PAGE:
Formula One has dropped plans to lodge its IPO prospectus with Singapore authorities next week, a source familiar with the matter confirmed on Friday, becoming the fifth major IPO to be pulled or delayed in Asia over the past week alone.
Ecclestone, commercial head of the sport and also a minority owner of Formula One, signalled the delay in an interview with Reuters on Thursday, saying the owners were biding their time.
He stressed, however, that the IPO had not been pulled.
“We’re going through all the normal motions …,” the 81-year-old billionaire said. “We are getting prepared so all these things are done and then whenever we want to go, we can go.”
The MSCI’s index for Asia ex-Japan has fallen about 11 percent in the past month, taking a heavy toll on the region’s IPO pipeline. Investors were already wary of new offers following the botched Facebook IPO. The stock price of the biggest social media web site has fallen 22 percent in 10 trading sessions since its debut in the United States.
Globally, the amount raised from stock market flotations is down 46 percent this year from the same 2011 period. Excluding Facebook, 72 U.S.-listed firms have filed, raising $13.1 billon, which is down 53 percent, according to Thomson Reuters data.
A second source familiar with the Formula One IPO said pre-marketing for the offer would continue.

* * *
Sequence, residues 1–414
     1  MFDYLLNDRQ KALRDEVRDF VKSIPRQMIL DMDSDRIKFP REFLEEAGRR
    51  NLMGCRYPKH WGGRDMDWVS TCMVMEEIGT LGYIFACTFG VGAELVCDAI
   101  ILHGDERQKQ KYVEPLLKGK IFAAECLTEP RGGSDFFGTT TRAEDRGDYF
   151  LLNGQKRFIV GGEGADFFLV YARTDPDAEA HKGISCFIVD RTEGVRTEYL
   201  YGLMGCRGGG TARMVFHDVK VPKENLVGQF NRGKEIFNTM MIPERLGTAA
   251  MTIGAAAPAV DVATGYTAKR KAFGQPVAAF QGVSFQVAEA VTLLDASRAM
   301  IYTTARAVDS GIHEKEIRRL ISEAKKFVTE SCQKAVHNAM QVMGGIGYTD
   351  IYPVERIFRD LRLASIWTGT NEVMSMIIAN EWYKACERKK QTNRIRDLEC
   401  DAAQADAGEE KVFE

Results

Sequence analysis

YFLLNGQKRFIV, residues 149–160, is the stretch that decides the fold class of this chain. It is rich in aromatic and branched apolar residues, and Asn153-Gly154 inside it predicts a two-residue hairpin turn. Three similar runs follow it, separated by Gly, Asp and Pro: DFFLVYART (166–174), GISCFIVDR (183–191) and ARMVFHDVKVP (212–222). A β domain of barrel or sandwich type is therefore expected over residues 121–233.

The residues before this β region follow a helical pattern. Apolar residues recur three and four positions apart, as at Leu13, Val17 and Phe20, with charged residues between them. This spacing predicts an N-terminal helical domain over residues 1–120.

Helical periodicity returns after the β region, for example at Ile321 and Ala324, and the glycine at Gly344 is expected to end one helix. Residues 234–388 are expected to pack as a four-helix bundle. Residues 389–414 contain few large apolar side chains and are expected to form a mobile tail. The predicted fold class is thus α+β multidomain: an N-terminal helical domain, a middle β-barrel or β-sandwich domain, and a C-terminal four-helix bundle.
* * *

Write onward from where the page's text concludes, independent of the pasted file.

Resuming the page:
“They are still talking to investors, but they are taking a more cautious stance,” this source said, adding the IPO could be launched once investors felt comfortable with market conditions.
Ecclestone said it would be wrong to talk of any delay because no firm date had been set for an IPO: “It’s going to be this year, we said we would do it this year.”
Formula One management has been stressing that it is keeping its options open on its future financial structure. Chairman Peter Brabeck told Reuters last week no decision had been made whether to proceed with the IPO.
Private equity firm CVC Capital Partners, the major shareholder in Formula One, unveiled a $1.6 billion deal last month to sell a 21 percent stake in the business to U.S. investments groups Waddell & Reed and BlackRock, along with Norway’s Norges Bank Investment Management.
The sale cut CVC’s stake to around 42 percent and CVC Managing Partner Donald Mackenzie said last week that the agreement had eased the pressure to do an IPO. CVC has been the main owner of Formula One since 2006.
Formula One gets about a third of its revenue from race promotion fees, with countries like Bahrain and Abu Dhabi paying up to $40 million a year for the rights to host grands prix.
Another third of revenue comes from broadcasting rights, with the rest from advertising and non-core businesses such as transportation of race teams and hospitality at race tracks.
Goldman Sachs, Morgan Stanley and UBS have been hired to lead the IPO.